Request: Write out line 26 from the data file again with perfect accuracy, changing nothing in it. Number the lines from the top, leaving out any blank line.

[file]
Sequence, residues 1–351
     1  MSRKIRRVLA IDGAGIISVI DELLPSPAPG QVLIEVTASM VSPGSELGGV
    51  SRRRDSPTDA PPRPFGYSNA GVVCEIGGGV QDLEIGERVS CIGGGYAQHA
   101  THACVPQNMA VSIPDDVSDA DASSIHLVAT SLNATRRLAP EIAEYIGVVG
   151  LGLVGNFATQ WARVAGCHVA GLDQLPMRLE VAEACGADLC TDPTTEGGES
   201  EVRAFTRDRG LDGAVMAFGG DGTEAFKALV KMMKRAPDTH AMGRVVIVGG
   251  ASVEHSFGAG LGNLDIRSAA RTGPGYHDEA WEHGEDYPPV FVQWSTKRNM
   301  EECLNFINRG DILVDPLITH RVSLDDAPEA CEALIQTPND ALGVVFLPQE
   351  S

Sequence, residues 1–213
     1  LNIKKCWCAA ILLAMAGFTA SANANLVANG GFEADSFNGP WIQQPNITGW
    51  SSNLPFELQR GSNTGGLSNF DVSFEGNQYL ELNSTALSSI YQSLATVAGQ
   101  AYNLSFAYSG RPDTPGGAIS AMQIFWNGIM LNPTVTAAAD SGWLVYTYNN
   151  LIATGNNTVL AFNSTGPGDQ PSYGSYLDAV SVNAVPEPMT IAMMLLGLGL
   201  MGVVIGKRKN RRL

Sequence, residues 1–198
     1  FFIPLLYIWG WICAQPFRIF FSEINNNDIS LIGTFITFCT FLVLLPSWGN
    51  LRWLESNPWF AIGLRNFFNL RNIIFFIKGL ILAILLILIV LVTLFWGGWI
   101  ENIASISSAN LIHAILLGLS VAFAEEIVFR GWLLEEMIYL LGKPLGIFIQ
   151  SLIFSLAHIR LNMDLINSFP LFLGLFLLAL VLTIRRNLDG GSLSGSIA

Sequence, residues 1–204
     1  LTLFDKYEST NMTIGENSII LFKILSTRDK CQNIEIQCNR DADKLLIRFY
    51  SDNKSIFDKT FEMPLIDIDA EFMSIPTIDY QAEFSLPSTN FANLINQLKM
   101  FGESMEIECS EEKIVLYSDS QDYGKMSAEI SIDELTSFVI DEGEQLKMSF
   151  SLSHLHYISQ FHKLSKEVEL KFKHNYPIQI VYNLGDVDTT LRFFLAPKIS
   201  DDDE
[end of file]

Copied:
   201  DDDE